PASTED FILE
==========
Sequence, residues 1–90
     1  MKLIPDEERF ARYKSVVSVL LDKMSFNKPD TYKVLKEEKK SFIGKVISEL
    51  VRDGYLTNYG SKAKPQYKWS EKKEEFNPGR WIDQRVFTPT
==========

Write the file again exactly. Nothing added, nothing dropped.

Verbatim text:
Sequence, residues 1–90
     1  MKLIPDEERF ARYKSVVSVL LDKMSFNKPD TYKVLKEEKK SFIGKVISEL
    51  VRDGYLTNYG SKAKPQYKWS EKKEEFNPGR WIDQRVFTPT